He entered the enclosed concrete cylinder; then a few steps brought him to the metal grille. He switched on the torch and oriented himself by the light of its control panel. When he put on the goggles he was blind, but then he squeezed the trigger of the torch, and the arc lit up the tunnel around him.
Each bar took just seconds to cut, but there were a lot of them. In the confined space the heat was oppressive; his T-shirt was soon soaked with sweat. Still, he had fresh clothes in his pack, and he could wash in the ditch once he was through. If he was still not respectable enough to get a ride, he’d walk to Atlanta.
“Young man, get out of there immediately.”
Lincoln shut off the arc. The voice, and those words, could only belong to his grandmother. For a few pounding heartbeats, he wondered if he’d imagined it, but then in the same unmistakable tone, ratcheted up a notch, she added, “Don’t play games with me–I don’t have the patience for it.”
Lincoln slumped in the darkness, disbelieving. He’d dreamed his way through every detail, past every obstacle. How could she appear out of nowhere and ruin everything?
There wasn’t room to turn around, so he crawled backward to the mouth of the tunnel. His grandmother was standing on the bank of the ditch.
“What exactly do you think you’re doing?” she demanded.
He said, “I need to get to Atlanta.”
“Atlanta? All by yourself, in the middle of the night? What happened? You got a craving for some special kind of food we’re not providing here?”
Lincoln scowled at her sarcasm but knew better than to answer back. “I’ve been dreaming about it,” he said, as if that explained everything. “Night after night. Working out the best way to do it.”
His grandmother said nothing for a while, and when Lincoln realized that he’d shocked her into silence he felt a pang of fear himself.
She said, “You have no earthly reason to run away. Is someone beating you? Is someone treating you badly?”
“So why exactly is it that you need to go?”
Lincoln felt his face grow hot with shame. How could he have missed it? How could he have fooled himself into believing that the obsession was his own? But even as he berated himself for his stupidity, his longing for the journey remained.
“You’ve got the fever, haven’t you? You know where those kind of dreams come from: nanospam throwing a party in your brain. Ten billion idiot robots playing a game called Steve at Home.”
She reached down and helped him out of the ditch. The thought crossed Lincoln’s mind that he could probably overpower her, but then he recoiled from the idea in disgust. He sat down on the grass and put his head in his hands.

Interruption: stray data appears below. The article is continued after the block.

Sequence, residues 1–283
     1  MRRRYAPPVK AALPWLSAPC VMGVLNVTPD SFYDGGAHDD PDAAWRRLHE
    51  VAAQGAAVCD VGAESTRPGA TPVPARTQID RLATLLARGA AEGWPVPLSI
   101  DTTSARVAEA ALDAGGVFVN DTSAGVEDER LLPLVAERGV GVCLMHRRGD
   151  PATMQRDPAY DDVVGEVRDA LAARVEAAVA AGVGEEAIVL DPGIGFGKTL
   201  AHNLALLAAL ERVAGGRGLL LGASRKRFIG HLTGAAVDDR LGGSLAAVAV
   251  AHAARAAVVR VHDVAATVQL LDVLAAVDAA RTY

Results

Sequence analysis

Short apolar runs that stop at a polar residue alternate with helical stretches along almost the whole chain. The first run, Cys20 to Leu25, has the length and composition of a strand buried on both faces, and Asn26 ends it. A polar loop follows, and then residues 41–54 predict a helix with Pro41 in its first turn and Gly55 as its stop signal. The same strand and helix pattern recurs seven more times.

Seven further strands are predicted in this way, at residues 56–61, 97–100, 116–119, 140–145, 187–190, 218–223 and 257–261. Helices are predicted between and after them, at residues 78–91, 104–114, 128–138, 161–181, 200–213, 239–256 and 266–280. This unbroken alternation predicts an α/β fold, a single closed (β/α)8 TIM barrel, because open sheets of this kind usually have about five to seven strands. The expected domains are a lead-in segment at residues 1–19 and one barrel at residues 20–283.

“Are you going to lock me up?” he asked.
“Nobody’s turning anybody into a prisoner. Let’s go talk to your parents. They’re going to be thrilled.”
The four of them sat in the kitchen. Lincoln kept quiet and let the others argue, too ashamed to offer any opinions of his own. How could he have let himself sleepwalk like that? Plotting and scheming for weeks, growing ever prouder of his own ingenuity, but doing it all at the bidding of the world’s stupidest, most despised dead man.
He still yearned to go to Atlanta. He itched to bolt from the room, scale the fence, and jog all the way to the highway. He could see the whole sequence in his mind’s eye; he was already thinking through the flaws in the plan and hunting for ways to correct them.
He banged his head against the table. “Make it stop! Get them out of me!”
His mother put an arm around his shoulders. “You know we can’t wave a magic wand and get rid of them. You’ve got the latest counterware. All we can do is send a sample to be analyzed, do our bit to speed the process along.”
The cure could be months away, or years. Lincoln moaned pitifully. “Then lock me up! Put me in the basement!”
His father wiped a glistening streak of sweat from his forehead. “That’s not going to happen. If I have to be beside you everywhere you go, we’re still going to treat you like a human being.” His voice was strained, caught somewhere between fear and defiance.
Silence descended. Lincoln closed his eyes. Then his grandmother spoke.
“Maybe the best way to deal with this is to let him scratch his damned itch.”
“What?” His father was incredulous.
“He wants to go to Atlanta. I can go with him.”
“The Stevelets want him in Atlanta,” his father replied.
“They’re not going to harm him–they just want to borrow him. And like it or not, they’ve already done that. Maybe the quickest way to get them to move on is to satisfy them.”
Lincoln’s father said, “You know they can’t be satisfied.”